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U.S.-Iran nuclear negotiations in Qatar end without breakthrough

"We will keep working with even greater urgency," said the E.U. official who served as an intermediary between the chief Iranian negotiator and Biden envoy Rob Malley.
An Iranian flag at the Bushehr nuclear power plant during an official ceremony to kick-start work on a second reactor at the facility on Nov. 10, 2019.Atta Kenare / AFP - Getty Images file

Indirect talks between Iran and the U.S. have ended in Doha, Qatar, with no sign of a breakthrough in efforts to revive a 2015 nuclear deal, raising the risk of a potential confrontation with Tehran in coming months.

“Unfortunately, not yet the progress the EU team as coordinator had hoped-for. We will keep working with even greater urgency to bring back on track a key deal for non-proliferation and regional stability,” European Union envoy Enrique Mora tweeted, calling the discussions “intense.”

Mora was the intermediary in the Qatari capital between Iranian chief negotiator Ali Bagheri Kani and President Joe Biden’s special envoy, Rob Malley, passing messages back and forth between the two sides. Iran has refused to hold direct talks with the U.S. team.

The 2015 nuclear deal, known as the Joint Comprehensive Plan of Action, or JCPOA, was designed to prevent Iran from developing nuclear weapons. Former President Donald Trump pulled the U.S. out of the JCPOA in 2018, and the Biden administration has been trying to revive it.

But with the prospects for salvaging the agreement looking increasingly bleak, the Biden administration is coming under growing pressure in Washington and from Middle Eastern allies to consider other options to counter Iran’s nuclear program, former officials, congressional aides and analysts said.

At the request of senators two weeks ago, the Biden administration provided a closed-door classified briefing on Iran, laying out possible “Plan B” options if diplomacy fails to rescue the 2015 nuclear deal, lawmakers said. Biden is due to visit Israel and Saudi Arabia next month, and Iran’s nuclear program is expected to be at the top of the agenda.

Iran’s foreign ministry spokesperson, Nasser Kanani, said Wednesday that the talks in Doha were “held in a professional and serious atmosphere” and that the plan from the outset was to hold two days of discussions.

The U.S., however, accused Iran of being the source of the stalemate.

“In Doha, as before, we made clear our readiness to quickly conclude and implement a deal,” a State Department spokesperson said. “Yet in Doha, as before, Iran raised issues wholly unrelated to the JCPOA and apparently is not ready to make a fundamental decision on whether it wants to revive the deal or bury it.”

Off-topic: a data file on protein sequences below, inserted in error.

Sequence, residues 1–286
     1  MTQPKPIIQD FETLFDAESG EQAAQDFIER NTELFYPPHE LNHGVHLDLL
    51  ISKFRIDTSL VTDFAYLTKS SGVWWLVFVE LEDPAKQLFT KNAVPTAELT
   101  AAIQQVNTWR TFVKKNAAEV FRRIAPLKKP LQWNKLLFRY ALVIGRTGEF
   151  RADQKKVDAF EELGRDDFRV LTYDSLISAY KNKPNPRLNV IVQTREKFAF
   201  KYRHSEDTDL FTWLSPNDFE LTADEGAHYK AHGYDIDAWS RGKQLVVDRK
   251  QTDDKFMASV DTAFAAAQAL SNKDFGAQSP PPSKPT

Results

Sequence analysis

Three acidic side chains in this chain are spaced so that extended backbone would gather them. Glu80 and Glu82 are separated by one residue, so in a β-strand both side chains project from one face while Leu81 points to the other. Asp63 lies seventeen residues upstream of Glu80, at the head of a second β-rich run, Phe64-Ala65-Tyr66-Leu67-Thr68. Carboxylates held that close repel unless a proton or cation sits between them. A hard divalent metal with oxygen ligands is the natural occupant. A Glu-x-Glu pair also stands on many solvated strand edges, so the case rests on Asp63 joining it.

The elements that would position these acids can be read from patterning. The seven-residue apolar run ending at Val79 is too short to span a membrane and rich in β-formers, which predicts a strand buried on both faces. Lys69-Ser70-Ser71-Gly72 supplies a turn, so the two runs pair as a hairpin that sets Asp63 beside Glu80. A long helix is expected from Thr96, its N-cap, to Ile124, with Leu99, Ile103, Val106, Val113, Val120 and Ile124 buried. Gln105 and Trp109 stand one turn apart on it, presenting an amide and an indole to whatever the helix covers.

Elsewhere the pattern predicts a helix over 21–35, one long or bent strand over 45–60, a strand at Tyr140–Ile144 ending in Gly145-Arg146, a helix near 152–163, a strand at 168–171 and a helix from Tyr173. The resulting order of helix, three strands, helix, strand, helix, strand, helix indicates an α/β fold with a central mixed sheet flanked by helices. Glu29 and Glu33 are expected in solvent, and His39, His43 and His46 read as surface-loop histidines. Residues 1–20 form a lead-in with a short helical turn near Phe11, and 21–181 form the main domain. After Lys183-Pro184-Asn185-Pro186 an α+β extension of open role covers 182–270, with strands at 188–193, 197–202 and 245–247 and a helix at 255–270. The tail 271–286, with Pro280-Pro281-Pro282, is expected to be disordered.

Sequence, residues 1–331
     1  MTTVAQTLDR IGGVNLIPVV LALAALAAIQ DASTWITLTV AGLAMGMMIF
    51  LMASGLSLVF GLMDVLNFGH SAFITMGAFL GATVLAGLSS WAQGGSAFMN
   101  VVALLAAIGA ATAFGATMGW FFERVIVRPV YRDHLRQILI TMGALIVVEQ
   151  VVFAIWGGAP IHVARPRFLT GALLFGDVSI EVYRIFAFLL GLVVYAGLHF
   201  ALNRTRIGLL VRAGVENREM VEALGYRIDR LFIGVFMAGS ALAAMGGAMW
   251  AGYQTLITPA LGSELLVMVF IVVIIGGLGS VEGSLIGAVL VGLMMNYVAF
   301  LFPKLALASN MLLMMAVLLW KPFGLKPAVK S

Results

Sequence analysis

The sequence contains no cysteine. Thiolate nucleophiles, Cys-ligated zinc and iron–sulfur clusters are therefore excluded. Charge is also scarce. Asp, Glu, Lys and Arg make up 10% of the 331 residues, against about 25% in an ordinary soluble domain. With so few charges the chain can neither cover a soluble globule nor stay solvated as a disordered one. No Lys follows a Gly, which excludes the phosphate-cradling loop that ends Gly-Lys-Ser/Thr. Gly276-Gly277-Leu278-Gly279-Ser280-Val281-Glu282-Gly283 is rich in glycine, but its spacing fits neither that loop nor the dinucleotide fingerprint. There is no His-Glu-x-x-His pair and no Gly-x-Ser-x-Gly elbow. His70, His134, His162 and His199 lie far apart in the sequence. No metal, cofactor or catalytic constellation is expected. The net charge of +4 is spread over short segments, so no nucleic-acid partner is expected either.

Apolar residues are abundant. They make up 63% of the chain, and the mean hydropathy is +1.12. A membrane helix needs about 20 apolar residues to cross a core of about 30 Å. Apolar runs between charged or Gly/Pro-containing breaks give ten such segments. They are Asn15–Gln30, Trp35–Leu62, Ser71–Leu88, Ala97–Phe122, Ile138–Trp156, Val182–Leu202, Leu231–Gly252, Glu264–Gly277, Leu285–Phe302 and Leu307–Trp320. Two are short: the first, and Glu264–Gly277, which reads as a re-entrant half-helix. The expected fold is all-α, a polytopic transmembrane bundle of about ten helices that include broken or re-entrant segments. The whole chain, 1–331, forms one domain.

The spokesperson expressed gratitude to the E.U. for its efforts but said the U.S. was “disappointed that Iran has, yet again, failed to respond positively to the E.U.’s initiative.”

Iran’s U.N. mission did not respond to a request for comment.

Neither side went to the Doha talks with any major new proposals, and there was no sign Iran had eased its negotiating demands, including insisting that the U.S. remove Iran’s Revolutionary Guard Corps from its terrorism blacklist, according to Ali Vaez of the International Crisis Group think tank.

U.S. negotiators previously have made it clear that they view the Revolutionary Guard sanctions as outside the parameters of the 2015 deal and that Iran would need to offer an equivalent concession in return.

Iran also continues to demand that the U.S. offer guarantees that Washington will not pull out of the agreement again as Trump did. But U.S. officials say there is no way to provide that assurance given that elections might produce a different policy under a new U.S. president.

Negotiated during Barack Obama’s administration, the 2015 JCPOA imposed strict limits on Iran’s uranium enrichment work in return for an easing of economic sanctions. When Trump withdrew the U.S. from the deal in 2018, he said that it was too lax and that it failed to address Iran’s missile program or its support of proxies across the Middle East. 

Since the U.S. exit, Iran has steadily surpassed the deal’s restrictions on its uranium enrichment work, building up stockpiles, running advanced centrifuges and blocking full access to the U.N. atomic watchdog agency. Arms control experts say Iran now could quickly produce weapons-grade uranium without being detected by U.N. inspectors.

An Iranian news agency, Tasnim, earlier described the negotiations as having had “no effect on breaking the deadlock in the talks.”

“What prevented these negotiations from coming to fruition is the U.S. insistence on its proposed draft text in Vienna that excludes any guarantee for Iran’s economic benefits,” Tasnim reported, citing informed sources at the talks.

Last year, Secretary of State Secretary Antony Blinken said the U.S. was “prepared to turn to other options” if the nuclear negotiations fail. U.S. officials have suggested the administration would be ready to tighten sanctions against Iran under that scenario.

European diplomats and former U.S. officials have told NBC News that the U.S. would be likely to introduce new sanctions against Iran and seek to more strictly enforce existing sanctions, with a particular focus on targeting Tehran’s oil sales to China. Potential sabotage operations against the nuclear program also could be on the table.